Juffureh the home of Kunte Kinte:

This village became famous because of Alex Haley, who wrote the fictional book 'Roots: The Saga of an American Family', which was first published in 1976; according to Alex, Kunta Kinte, of the Mandinka tribe, was an African originating from the Gambian village of Juffereh, who was sold into slavery in a town which sounded like 'Naplis', apparently Annapolis, Maryland, America.

Kunte Kinte - According to Alex Haley:

Kunta Kinte was captured and stowed on the 'Lord Ligonier', a slave ship, on the 5th July 1767, with another 139 captured Gambians, for the voyage to America; he arrived in Annapolis, Maryland on the 29th September 1767, with only 97 other survivors; 41 of the slaves died en route.

According to an advertisement in the Maryland Gazette, Kunta Kinte was sold into slavery on the 7th October 1767; he would have been purchased at the ship, or in one of the local inns or resturants and then taken, as a slave, to a Virginian farm.

Kinte's arrival in Annapolis is symbolic of the slave trade era, when millions of African men, woman and children were captured and sent to the New World; they had to endure the horrors of the so called 'Middle Passage', while crossing the Atlantic, the slaves were packed tightly into the holds of ships for months on end and many died en route.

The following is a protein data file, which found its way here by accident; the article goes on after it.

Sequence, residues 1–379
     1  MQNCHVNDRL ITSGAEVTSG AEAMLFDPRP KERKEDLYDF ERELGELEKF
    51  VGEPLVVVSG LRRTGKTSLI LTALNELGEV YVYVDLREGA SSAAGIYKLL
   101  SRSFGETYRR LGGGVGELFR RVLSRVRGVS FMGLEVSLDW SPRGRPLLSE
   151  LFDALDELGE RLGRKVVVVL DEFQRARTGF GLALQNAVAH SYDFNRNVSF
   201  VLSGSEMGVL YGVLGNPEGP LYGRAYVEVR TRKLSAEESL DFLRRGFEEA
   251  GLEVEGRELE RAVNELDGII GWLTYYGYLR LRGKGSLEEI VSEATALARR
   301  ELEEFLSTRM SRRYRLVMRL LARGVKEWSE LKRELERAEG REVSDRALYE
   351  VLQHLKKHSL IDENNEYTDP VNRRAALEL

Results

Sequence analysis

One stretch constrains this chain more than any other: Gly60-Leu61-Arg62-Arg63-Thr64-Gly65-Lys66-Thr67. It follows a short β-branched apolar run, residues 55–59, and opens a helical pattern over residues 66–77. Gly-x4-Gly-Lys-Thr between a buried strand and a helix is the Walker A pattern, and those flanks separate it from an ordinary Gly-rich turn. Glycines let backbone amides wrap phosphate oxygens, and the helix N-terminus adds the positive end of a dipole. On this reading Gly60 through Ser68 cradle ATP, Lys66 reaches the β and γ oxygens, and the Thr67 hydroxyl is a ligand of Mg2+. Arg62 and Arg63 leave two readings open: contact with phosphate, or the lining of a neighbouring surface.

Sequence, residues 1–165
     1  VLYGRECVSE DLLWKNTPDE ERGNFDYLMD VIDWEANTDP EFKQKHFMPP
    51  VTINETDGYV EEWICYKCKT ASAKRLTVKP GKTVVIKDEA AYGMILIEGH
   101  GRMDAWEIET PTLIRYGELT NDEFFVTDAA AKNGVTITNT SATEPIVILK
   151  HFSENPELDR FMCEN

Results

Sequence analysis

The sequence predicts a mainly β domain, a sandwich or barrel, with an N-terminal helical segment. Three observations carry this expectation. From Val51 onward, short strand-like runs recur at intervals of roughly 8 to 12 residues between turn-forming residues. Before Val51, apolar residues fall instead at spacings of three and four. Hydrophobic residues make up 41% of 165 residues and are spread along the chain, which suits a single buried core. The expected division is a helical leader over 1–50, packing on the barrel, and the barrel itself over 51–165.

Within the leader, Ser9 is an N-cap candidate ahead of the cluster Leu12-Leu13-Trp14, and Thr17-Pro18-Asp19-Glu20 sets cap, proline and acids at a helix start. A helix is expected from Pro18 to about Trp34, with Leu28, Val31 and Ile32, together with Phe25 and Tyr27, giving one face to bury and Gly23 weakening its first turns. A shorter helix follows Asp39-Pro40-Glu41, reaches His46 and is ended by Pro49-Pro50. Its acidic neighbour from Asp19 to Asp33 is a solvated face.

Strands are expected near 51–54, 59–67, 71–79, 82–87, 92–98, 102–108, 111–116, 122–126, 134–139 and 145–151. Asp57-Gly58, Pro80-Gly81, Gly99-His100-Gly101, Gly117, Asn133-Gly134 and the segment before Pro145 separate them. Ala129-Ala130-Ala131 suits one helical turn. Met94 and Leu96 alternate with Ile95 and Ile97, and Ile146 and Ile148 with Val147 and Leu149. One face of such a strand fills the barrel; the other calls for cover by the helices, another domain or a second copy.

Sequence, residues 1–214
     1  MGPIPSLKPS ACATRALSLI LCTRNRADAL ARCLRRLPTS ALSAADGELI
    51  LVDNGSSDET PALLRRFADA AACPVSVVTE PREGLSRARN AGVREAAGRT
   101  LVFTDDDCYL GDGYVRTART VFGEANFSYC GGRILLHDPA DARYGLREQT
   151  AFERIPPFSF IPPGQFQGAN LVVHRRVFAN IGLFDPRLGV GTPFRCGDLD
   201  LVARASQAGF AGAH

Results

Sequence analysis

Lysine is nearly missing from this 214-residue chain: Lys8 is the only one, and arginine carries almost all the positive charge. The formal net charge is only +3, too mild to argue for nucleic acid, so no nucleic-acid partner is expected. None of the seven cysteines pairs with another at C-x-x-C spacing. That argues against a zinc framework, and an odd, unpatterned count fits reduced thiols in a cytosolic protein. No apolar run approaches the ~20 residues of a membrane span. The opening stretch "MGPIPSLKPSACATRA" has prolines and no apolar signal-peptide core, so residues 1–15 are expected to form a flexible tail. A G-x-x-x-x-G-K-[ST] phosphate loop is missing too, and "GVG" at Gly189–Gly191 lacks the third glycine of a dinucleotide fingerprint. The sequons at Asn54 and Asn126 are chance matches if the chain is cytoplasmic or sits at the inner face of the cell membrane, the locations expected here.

William Wilberforce

Juffureh is a fishing village of thatched mud-brick huts, just a short distance inland from the banks of the River Gambia, it lies about 30 kilometers inland, southeast of Banjul, on the north bank of the River Gambia in the North Bank Division and served as the main trans-shipping post from the mainland to James Island; it is home to a museum and Fort Jillifree and a family claiming to be the descendants of Kunta Kinte still reside there.

The following photos are monumental to slavery in Juffureh: NB. To gain a better full size view of the photos, position the Film Strip photos at the top of your screen and then move the cursor over each photo to see a larger photo.

Juffureh also has its own small nursery school called the 'Roots Nursery School'.

You can easily visit Juffureh by going on a Roots excursion or by simply catching the ferry across to Barra and then hiring a taxi from there; each year there is an International Roots Festival, which commemorates the enforced enslavement and transportation of millions of Africans to the Americas and the Caribbean Islands.

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